Monday, September 17, 2012

Elvis has Left the Building; or Stories I Like, Yet Am Not Entirely Convinced They Are True, Part Three

I was watching Elvis on Tour a couple of weeks ago, thanks to TCM, one of the channels that justifies my sending about half my paycheck to Comcast Cable each month.

The movie documents Elvis on a 1972 US tour, a few years before he blew up and got all rambling on stage due to his 'medications.' I've always had a soft spot for '70s Elvis, mainly because his voice sounds more melancholy and ... lived in or something, and songs like "American Trilogy" will instantly transport me to falling asleep in the back of my parent's car as we drove through Mississippi. Plus, he looked all awesome:

King of Rock and Roll, King of his Castle.

At one point there's a shot of the Jacksonville official seal, which reminded me of a story I heard years ago that I've been telling ever since.

Florida Theatre is this cool old downtown Jacksonville theater that has been around since 1927. All sorts of people have played there through the years, including Elvis back in 1956, when the mayor had to be on hand to ensure Elvis' pelvis didn't inflame the Jacksonville youth to unheard of heights of juvenile delinquency and public sexiness.

The upper level of the Florida Theatre is now office space, but it used to house a radio station in the old days, according to the story. Since this was back in the days when bands had to give interviews all the time before rocking, everyone who played the Florida Theatre would go upstairs, give an interview and play a song or two in an effort to get people to come out to the show. Then I presume they ate a fried chicken dinner provided by the theater owner's wife and drank some whiskey before going on stage.

These performances were recorded onto acetate records, which were then just sort of stored away in boxes or used to prop up uneven tables or used in primitive Frisbee games.*

Years later when the theater was renovated, crews went through all the stuff in the top floors and threw it all out. Decades of posters, old props and clothing, and hundreds of unmarked records all ended up in the dumpster.

So somewhere in a North Florida landfill lie hundreds of interviews and performances from the '20s til about the late '60s. Who knows what lies unheard and broken? Elvis is definitely in there, as well as countless other irreplaceable recordings.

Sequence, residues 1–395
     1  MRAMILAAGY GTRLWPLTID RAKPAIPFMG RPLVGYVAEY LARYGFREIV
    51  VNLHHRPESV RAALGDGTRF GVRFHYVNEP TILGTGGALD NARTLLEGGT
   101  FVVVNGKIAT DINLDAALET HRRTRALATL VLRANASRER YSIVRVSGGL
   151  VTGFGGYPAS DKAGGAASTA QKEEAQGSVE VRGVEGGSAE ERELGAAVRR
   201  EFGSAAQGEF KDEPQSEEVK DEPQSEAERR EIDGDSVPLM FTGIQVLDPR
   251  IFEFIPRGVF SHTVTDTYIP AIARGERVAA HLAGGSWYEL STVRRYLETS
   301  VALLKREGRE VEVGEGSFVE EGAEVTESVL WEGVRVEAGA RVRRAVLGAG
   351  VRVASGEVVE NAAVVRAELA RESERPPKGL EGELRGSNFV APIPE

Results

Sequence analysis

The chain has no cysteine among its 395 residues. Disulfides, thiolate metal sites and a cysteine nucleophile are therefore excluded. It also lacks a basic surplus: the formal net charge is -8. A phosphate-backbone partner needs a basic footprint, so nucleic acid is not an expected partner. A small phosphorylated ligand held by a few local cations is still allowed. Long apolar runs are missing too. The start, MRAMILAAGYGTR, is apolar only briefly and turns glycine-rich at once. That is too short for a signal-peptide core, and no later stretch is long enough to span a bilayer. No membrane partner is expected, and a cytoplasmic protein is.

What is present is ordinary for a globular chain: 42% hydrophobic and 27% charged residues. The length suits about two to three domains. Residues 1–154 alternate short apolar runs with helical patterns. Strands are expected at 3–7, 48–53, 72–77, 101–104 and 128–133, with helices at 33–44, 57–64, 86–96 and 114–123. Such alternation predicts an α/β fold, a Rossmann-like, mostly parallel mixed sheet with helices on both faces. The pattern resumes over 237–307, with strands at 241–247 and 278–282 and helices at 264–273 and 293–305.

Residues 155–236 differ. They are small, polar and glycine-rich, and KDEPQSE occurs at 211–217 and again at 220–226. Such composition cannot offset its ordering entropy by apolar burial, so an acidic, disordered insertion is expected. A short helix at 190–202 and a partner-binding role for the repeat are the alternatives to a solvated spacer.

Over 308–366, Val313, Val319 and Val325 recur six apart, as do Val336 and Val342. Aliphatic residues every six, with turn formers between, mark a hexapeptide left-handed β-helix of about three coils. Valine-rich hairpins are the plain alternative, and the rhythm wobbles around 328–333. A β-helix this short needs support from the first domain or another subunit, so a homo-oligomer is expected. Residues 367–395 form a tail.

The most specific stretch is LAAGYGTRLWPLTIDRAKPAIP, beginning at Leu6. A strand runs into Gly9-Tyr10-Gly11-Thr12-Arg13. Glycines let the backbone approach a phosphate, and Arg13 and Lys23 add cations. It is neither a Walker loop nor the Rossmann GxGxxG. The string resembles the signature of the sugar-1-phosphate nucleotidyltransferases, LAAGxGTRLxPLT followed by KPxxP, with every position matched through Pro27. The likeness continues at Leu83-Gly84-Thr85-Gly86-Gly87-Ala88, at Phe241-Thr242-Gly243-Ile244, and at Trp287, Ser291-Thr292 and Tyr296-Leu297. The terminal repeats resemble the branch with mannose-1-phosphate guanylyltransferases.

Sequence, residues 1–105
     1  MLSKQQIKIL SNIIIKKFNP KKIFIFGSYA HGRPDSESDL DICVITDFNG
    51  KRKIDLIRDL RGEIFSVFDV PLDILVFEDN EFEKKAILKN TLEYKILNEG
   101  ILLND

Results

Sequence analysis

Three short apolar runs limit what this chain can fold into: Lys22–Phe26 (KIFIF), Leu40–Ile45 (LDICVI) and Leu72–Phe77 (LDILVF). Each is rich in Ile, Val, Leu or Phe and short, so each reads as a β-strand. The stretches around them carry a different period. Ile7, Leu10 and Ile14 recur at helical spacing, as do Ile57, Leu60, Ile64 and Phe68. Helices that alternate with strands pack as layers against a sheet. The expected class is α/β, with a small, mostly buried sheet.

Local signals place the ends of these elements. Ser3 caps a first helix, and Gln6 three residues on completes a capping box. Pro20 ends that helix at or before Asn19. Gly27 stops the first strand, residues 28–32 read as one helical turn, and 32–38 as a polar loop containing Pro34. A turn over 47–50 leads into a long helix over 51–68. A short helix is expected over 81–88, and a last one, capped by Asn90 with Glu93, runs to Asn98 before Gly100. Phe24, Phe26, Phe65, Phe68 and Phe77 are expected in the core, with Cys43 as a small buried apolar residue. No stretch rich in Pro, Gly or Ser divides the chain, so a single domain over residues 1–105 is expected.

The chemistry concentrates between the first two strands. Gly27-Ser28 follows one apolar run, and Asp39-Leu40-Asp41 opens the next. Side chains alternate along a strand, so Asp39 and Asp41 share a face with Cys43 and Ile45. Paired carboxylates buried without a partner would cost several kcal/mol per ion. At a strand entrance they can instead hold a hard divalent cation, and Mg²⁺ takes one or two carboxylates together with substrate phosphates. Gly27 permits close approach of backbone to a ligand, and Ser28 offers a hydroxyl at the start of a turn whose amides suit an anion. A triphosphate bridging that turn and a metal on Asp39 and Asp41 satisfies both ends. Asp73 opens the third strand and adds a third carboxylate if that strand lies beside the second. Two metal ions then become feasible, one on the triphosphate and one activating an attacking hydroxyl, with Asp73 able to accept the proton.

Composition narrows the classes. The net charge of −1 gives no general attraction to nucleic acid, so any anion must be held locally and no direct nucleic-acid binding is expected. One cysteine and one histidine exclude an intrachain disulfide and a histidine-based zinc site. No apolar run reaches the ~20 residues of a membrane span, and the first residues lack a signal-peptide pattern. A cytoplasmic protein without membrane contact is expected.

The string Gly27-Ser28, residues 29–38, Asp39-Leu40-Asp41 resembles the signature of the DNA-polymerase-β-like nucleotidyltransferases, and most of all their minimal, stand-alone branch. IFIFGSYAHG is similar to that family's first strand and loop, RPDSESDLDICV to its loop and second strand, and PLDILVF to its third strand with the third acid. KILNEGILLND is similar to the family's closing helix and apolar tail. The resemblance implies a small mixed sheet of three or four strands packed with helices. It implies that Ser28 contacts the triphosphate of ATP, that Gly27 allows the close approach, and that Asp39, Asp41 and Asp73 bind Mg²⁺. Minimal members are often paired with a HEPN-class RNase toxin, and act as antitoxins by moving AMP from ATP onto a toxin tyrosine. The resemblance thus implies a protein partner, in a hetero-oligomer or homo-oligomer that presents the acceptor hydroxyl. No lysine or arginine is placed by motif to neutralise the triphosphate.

This is the part where I would make a dramatic pause when retelling the story and say something profound like, "If only they would have known," while gazing wistfully off in the distance.

So is the story true? I asked Raymond, a senior librarian in the Florida department via email. This is his reply:

"Sounds entirely plausible. I can't find anything on a radio station there by randomly searching city directories, but I do know there was a fully-functional small theatre upstairs in that office building portion on the side of the theatre - like a screening room. Here's a pic of it **with a mic from WJAX, the radio station the city used to own:

I guess WJAX could've set something up to record there, but I think their studio was always elsewhere.

And yes, they probably threw everything away. That's Jacksonville SOP."

The verdict? "Entirely Plausible" is close enough to give it an Unverified But True which might be the highest level of truth we're ever gonna get here.

So feel free to use this story as your own, and remember the dramatic pause and wistful gaze at the end. People really like that.

Oh, and Raymond, I guess I should have asked before using your email like that, but I think Florida's Sunshine Laws should protect me if you try to sue.

*OK, so I made up the Frisbee and table leveling part.

 **You should check out the library's Sandgren Collection. Not all of it has been digitized, but it consists of thousands of photos of old Jacksonville buildings, old school wrestlers and entertainers and general olde tyme awesomeness.

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